The best resource I have found on this subject is this article, detailing the work of some aviation pioneers contemporary and previous to the Wright Brothers. A number of people claim (or have claimed for them) powered controlled flight prior to the Wright Brothers, but all of them have difficulty with their claims. Here are a few extracts:

Augustus Moore Herring, October 1898 "Herring is reported to have flown his powered glider on two attempts. [...] While Herring's craft probably did fly with an engine aboard, the craft was not controlled and the flight was not sustainable."

Preston Watson, summer 1903 Local residents recalled witnessing Watson making short flights of an aircraft powered by a single engine between 1903 and 1904, but no one could remember any exact dates.

Gustave Whitehead, August 1901 According to Whitehead supporters, his greatest success came on 14 August 1901 when Gustave is said to have made as many as four test flights of the No. 21. [...] Unfortunately, the evidence to back up any of these rather extraordinary claims is sketchy, at best. The most ardent believers in Whitehead's accomplishments did not publish any of their claims until over 30 years after they are alleged to have occurred. By this time, only one eye witness could be found to corroborate the stories, and this individual had a financial interest in a book being written about Whitehead. [...] Perhaps the most telling evidence of all is the fact that his wife could not remember any instance of seeing her husband flying in one of his planes.

An additional article can be found in Scientific American:

Other contenders for the "first airplane" laurels merely made short or uncontrolled flights. Clement Ader can be credited with the first powered takeoff in 1890. But his steam-powered aircraft reached an altitude of eight inches, sufficient to classify it as a flight only to his French countrymen. German-born Gustave Whitehead was adept at fabricating stories about flying in the U.S., but he never built a workable airplane. New Zealanders are proud of Richard Pearse: in March 1903 this reclusive, eccentric farmer flew his bamboo-and-canvas monoplane for about 450 feet before crashing into a gorse hedge. His example illustrates, rather painfully, the need for controllability in aerial navigation.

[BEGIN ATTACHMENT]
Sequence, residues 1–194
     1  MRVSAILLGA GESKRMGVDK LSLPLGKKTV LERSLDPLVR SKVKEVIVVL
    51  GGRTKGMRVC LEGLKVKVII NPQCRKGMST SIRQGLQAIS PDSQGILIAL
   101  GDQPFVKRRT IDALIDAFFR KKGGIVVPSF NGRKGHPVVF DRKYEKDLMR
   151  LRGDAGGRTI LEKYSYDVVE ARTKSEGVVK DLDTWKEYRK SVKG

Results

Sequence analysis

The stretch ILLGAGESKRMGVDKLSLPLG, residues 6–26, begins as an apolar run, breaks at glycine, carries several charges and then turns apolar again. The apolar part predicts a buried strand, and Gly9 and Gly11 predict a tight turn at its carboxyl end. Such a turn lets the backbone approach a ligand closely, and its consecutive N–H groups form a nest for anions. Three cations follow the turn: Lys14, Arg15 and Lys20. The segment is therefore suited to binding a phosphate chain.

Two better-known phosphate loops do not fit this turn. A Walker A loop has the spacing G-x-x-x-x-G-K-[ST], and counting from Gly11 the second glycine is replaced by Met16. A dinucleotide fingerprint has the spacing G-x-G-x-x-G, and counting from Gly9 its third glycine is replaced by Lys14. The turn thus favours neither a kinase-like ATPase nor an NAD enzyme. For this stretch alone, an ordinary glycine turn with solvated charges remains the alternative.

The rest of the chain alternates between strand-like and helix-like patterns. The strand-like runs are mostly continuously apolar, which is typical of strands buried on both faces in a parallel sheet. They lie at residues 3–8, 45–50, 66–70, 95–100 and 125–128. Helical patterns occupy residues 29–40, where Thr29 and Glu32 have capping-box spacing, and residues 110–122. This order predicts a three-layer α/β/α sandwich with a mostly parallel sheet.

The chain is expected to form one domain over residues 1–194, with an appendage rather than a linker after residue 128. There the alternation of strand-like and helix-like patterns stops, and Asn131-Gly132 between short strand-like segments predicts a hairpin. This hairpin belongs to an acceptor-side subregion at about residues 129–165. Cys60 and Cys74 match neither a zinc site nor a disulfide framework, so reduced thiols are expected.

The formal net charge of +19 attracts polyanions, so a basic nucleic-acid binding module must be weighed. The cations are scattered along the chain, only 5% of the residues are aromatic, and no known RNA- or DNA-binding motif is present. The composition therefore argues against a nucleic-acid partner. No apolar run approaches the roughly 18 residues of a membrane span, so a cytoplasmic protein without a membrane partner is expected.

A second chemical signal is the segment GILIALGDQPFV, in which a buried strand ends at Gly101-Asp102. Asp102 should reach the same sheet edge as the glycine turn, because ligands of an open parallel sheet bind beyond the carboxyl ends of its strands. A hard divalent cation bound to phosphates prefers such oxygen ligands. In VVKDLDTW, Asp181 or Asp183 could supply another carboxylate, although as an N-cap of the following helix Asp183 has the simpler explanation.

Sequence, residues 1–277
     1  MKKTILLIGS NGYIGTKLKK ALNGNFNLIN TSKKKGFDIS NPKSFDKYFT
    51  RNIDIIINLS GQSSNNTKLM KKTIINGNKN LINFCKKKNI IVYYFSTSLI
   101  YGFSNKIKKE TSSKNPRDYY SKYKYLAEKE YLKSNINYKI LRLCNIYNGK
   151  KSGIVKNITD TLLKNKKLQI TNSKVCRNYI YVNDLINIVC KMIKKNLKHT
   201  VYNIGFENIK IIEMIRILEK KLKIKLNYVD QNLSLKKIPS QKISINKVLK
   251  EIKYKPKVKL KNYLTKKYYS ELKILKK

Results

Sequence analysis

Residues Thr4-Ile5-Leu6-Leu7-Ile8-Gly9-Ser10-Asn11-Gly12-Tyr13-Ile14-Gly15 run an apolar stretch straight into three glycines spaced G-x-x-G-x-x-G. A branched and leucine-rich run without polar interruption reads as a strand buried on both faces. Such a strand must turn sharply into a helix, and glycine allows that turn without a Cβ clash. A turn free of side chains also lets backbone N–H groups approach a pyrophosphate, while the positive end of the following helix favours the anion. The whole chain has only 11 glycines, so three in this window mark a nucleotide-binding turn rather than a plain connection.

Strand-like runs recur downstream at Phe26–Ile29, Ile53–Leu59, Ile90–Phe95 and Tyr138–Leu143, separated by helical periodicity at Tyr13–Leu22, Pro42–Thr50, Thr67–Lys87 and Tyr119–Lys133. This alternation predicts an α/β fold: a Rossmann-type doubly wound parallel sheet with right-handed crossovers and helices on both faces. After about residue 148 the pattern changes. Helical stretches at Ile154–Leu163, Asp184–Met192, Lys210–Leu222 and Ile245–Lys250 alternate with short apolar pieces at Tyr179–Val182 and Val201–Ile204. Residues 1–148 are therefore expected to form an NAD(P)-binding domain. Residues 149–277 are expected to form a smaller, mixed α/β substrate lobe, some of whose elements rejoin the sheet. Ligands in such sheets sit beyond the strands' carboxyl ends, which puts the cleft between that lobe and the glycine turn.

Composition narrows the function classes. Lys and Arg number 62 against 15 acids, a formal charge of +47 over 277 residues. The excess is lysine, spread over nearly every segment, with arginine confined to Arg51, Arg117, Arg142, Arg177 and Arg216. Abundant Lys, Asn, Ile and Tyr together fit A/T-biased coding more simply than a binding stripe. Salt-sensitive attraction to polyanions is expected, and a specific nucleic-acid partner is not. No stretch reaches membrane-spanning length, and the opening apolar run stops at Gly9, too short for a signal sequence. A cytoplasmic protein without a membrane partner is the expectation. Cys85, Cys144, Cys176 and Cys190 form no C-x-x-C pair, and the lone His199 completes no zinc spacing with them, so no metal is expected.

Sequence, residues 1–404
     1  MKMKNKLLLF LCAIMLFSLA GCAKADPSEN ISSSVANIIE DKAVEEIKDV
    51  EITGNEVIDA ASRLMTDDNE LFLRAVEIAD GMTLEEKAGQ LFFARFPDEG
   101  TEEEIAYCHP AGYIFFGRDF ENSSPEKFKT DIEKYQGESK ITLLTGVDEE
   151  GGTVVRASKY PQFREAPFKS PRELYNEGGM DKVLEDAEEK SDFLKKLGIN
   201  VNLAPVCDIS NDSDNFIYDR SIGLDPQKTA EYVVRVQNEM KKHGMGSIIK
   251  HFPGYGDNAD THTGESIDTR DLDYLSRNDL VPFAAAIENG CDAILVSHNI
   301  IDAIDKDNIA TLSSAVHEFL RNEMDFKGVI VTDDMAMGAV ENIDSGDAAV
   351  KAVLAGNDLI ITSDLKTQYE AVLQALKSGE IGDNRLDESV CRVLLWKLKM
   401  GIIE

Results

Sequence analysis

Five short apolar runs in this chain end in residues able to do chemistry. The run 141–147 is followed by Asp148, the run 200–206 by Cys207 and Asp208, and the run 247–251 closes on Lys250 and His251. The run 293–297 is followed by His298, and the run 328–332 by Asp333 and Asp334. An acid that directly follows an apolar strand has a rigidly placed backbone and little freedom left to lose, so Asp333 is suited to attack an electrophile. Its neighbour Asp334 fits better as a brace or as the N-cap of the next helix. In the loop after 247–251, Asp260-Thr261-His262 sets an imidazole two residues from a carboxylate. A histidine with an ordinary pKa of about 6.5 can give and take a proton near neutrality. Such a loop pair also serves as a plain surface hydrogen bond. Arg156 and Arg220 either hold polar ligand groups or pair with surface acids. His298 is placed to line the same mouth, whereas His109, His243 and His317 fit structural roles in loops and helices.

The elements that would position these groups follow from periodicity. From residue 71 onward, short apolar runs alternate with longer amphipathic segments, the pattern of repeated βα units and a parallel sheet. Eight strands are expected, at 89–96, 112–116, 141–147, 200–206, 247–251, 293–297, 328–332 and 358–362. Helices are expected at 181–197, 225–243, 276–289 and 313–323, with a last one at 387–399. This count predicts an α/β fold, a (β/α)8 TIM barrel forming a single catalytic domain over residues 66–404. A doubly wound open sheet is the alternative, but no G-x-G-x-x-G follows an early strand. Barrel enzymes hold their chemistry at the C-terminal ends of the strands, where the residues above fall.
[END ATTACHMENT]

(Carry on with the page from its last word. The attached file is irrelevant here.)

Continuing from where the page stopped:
By appropriately expanding the definition of "fly" (or by choosing to believe some undocumented and implausible claims) you can make a case for some of the other pioneers. But the Wrights undoubtedly have the best documented and most credible case for being the first to fly.

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I think you dismiss Richard Pearse's efforts too easily. While his controls may have been inadequate to avoid a hedge, they were based on the same principals as modern thinking on the subject. To say that the flight was uncontrolled is not fair, I think. He had control, the aircraft responded to his control inputs. – MoJo Sep 30 '15 at 15:43

It depends what you call "to fly". Clément Ader is sometimes said to be the first to fly, but that's a disputed assertion, especially outside of France.

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and that's the crux, he has no independent verification to back up his claim. – jwenting Jun 20 '11 at 8:09

Karl Wilhelm Otto Lilienthal (* 23. Mai 1848 in Anklam; † 10. August 1896 in Berlin after a crash with one of his flying machines).

He invented the principle of the profile of the wing, and was one of the first, who recognized, that you needn't be thinner than air, to fly (principle of the Mongolfiere).

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4 for the German impaired. Notably he did not achieve powered flight - his flights were all glider based. Further, The Wright brothers credited him for a lot of their inspiration, however they threw his data away and instead used their own wind tunnel gathered data for their designs. – Adam Davis Jun 17 '11 at 12:28
Maybe they didn't rely on his work. But that doesn't make them earlier. Powered flight was not in the headline, not in the first paragraph, not in the last, emphasized paragraph. I don't see what your problem is. – user unknown Jun 17 '11 at 12:36
There is a distinct difference between "fly" and "glide" and when people talk about human flight, generally they aren't discussing gliding, because humans have been gliding far longer than flying, and it's a more difficult subject to pin down. However you are correct that his is something that must be assumed, so I'll bug the OP to specify. – Adam Davis Jun 17 '11 at 12:51
I apologize for the confusion, I didn't realize I hadn't included the word "powered". It does make a substantial difference. The question has been edited to clarify. – Monkey Tuesday Jun 17 '11 at 20:42
@AdamDavis: The english wikipedia talks about "gliding flights" and about him as the "Father of Flight". – user unknown Jan 6 '14 at 0:31